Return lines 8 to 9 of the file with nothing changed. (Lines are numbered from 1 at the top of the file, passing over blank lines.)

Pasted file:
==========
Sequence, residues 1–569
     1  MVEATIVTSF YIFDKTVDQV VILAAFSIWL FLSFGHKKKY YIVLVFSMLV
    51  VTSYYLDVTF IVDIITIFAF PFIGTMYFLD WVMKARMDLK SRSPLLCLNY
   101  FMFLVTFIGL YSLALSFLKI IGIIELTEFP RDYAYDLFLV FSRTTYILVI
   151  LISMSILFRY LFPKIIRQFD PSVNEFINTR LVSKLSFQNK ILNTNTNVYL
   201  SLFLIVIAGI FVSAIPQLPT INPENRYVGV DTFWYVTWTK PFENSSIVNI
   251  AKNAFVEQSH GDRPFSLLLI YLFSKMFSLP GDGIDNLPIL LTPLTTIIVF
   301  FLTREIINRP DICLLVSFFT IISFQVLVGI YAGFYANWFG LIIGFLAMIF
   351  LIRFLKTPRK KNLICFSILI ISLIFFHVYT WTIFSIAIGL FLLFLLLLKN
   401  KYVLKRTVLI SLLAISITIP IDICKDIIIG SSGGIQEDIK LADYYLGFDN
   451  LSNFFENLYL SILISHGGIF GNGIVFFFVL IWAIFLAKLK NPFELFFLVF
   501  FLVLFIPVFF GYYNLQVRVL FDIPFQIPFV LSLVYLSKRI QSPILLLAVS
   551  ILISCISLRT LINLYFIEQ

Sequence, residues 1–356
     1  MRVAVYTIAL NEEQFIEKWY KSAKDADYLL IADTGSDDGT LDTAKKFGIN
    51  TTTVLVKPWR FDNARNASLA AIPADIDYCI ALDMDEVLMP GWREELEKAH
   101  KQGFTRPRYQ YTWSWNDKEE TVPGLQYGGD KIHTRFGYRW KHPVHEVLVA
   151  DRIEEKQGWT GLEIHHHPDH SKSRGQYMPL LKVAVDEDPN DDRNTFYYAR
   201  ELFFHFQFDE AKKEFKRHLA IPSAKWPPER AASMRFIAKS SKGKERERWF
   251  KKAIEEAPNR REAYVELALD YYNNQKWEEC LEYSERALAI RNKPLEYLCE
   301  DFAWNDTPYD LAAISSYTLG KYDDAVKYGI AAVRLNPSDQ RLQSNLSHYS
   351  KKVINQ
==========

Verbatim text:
   301  FLTREIINRP DICLLVSFFT IISFQVLVGI YAGFYANWFG LIIGFLAMIF
   351  LIRFLKTPRK KNLICFSILI ISLIFFHVYT WTIFSIAIGL FLLFLLLLKN